This Puebla tradition travels the streets of Playa del Carmen

puebla tradition - camote trolley

If you hear a deep whistle in the night, someone is about to arrive: the only camotero in Playa del Carmen is coming with his camote trolley. chargrilled sweet potatoes (camotes) and plantains are a tradition of Puebla, but this peddler has been travelling the streets of Playa for the last 20 years.

Noé de Jesús, Playa’s own camotero, started off in Cancún, and established his business in PDC since 1999. He himself builds his locomotive-looking trolleys, as mandated by the tradition of Puebla. These trolleys incorporate a grill, a drawer for camote, a compartment for timber and a steam chimney. In turn, it is this steam chimney that generates the whistle we all recognize.

The camote trolley is really heavy, so travelling all the streets in Playa can take over five months. For that reason, it is known that it only passes by each street twice a year. Many await his arrival for months. Others take a look at each day’s route, as Noé de Jesús posts it everyday.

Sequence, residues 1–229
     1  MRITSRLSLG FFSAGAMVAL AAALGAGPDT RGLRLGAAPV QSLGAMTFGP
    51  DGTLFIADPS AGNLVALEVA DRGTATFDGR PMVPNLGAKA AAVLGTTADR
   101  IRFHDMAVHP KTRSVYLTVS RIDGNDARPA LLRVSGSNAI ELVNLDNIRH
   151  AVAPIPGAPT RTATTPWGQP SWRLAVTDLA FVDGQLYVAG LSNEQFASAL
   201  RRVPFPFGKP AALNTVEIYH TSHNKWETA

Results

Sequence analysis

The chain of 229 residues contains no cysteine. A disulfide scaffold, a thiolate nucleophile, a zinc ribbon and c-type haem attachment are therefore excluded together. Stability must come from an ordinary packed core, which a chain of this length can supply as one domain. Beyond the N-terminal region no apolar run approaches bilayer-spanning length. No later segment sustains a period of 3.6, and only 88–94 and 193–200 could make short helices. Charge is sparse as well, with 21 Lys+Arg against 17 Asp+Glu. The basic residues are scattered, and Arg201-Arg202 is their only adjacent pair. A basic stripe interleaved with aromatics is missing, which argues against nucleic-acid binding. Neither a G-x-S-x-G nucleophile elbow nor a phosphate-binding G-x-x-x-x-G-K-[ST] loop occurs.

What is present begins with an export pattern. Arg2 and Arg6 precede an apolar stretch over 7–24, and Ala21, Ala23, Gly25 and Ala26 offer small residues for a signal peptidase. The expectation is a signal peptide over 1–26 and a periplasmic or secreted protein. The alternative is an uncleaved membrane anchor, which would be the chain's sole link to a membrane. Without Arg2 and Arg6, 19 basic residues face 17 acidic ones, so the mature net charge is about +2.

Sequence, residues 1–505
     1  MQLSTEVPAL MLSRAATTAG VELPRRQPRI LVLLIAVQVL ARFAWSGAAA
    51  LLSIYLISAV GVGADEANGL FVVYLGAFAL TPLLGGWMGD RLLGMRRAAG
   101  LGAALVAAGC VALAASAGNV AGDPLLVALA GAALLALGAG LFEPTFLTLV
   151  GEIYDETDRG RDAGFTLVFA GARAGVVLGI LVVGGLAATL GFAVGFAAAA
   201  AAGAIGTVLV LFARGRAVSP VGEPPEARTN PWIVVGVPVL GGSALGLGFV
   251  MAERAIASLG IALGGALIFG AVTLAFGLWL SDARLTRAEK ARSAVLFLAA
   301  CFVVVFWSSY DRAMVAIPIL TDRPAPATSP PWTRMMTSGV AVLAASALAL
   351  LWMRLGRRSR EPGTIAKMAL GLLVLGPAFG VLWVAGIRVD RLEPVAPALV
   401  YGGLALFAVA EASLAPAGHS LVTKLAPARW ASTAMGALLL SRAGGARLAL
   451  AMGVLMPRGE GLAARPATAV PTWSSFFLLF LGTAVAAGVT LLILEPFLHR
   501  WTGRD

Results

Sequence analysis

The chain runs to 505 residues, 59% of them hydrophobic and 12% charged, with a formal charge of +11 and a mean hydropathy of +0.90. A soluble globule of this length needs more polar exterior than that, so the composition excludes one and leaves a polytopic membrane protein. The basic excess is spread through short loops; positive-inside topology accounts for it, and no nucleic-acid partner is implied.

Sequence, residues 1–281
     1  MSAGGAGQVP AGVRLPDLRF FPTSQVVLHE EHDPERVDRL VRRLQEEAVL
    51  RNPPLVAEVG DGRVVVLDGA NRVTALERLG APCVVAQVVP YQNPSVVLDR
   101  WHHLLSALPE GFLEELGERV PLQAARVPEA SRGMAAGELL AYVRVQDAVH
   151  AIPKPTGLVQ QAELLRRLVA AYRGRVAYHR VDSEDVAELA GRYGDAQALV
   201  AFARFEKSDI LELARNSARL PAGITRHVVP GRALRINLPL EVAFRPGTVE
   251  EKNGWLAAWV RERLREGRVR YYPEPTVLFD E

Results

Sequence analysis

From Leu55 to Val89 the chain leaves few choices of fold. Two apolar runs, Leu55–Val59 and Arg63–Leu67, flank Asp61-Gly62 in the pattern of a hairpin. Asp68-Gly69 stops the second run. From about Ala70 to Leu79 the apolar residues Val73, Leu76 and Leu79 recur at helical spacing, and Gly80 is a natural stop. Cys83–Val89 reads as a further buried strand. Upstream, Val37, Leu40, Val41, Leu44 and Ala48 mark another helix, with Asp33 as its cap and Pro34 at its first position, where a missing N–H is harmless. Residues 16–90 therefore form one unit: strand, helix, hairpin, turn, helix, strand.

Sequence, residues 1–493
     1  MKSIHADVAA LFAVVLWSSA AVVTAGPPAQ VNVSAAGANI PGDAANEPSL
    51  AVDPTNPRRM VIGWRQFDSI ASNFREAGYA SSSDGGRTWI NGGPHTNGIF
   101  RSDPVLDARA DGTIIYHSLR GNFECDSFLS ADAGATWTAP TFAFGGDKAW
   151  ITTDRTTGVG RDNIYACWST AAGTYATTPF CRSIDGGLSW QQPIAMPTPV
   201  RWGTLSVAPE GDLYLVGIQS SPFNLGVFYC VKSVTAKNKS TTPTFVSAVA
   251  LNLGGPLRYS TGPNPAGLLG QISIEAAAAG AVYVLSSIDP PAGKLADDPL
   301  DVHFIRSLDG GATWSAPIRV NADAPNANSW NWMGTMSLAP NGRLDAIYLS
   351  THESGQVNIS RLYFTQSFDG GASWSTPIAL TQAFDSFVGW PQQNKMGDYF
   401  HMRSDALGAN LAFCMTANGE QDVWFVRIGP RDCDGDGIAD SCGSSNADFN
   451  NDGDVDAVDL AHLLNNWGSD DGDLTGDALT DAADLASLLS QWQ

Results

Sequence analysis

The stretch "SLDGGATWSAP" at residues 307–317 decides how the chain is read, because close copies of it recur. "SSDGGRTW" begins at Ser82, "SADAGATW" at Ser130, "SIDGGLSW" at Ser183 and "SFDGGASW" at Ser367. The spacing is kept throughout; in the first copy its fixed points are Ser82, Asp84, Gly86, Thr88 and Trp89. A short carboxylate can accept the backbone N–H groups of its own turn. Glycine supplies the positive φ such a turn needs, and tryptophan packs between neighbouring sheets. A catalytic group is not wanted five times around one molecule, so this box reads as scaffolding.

You can check the daily route in their Facebook, at El Carrito Camotero.

A sample of the daily routes of the camote trolley.

Each portion of camote or plantain incorporates the main chargrilled dish and a side of dulce de leche (a Hispanic dessert of milk and caramel). Its total cost is about $35 pesos, ($1.60 in US dollars and €1.35).

Take a look at: The First Guacamole Contest launched by Avocados from Mexico.

Next time the whistle comes by, don’t miss your chance to try this delicacy. Your next opportunity might be next year!

Source: Quinta Fuerza.

Picture of Eduardo from All About Playa

Eduardo from All About Playa

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